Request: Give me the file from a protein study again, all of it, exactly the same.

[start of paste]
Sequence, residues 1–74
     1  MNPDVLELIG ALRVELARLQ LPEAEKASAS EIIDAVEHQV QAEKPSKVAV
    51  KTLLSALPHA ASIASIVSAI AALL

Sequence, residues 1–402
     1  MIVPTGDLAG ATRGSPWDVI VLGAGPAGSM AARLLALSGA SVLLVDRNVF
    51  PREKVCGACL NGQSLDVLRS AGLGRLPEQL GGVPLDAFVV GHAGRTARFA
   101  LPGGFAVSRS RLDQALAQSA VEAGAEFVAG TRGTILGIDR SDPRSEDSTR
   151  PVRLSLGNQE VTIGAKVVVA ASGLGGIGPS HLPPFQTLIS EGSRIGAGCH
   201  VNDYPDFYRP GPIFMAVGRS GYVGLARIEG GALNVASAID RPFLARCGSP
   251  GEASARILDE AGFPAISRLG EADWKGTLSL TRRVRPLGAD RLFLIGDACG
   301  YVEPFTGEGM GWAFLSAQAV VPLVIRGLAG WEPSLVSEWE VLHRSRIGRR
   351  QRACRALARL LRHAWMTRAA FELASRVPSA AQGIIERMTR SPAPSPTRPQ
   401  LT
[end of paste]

Sequence, residues 1–74
     1  MNPDVLELIG ALRVELARLQ LPEAEKASAS EIIDAVEHQV QAEKPSKVAV
    51  KTLLSALPHA ASIASIVSAI AALL

Sequence, residues 1–402
     1  MIVPTGDLAG ATRGSPWDVI VLGAGPAGSM AARLLALSGA SVLLVDRNVF
    51  PREKVCGACL NGQSLDVLRS AGLGRLPEQL GGVPLDAFVV GHAGRTARFA
   101  LPGGFAVSRS RLDQALAQSA VEAGAEFVAG TRGTILGIDR SDPRSEDSTR
   151  PVRLSLGNQE VTIGAKVVVA ASGLGGIGPS HLPPFQTLIS EGSRIGAGCH
   201  VNDYPDFYRP GPIFMAVGRS GYVGLARIEG GALNVASAID RPFLARCGSP
   251  GEASARILDE AGFPAISRLG EADWKGTLSL TRRVRPLGAD RLFLIGDACG
   301  YVEPFTGEGM GWAFLSAQAV VPLVIRGLAG WEPSLVSEWE VLHRSRIGRR
   351  QRACRALARL LRHAWMTRAA FELASRVPSA AQGIIERMTR SPAPSPTRPQ
   401  LT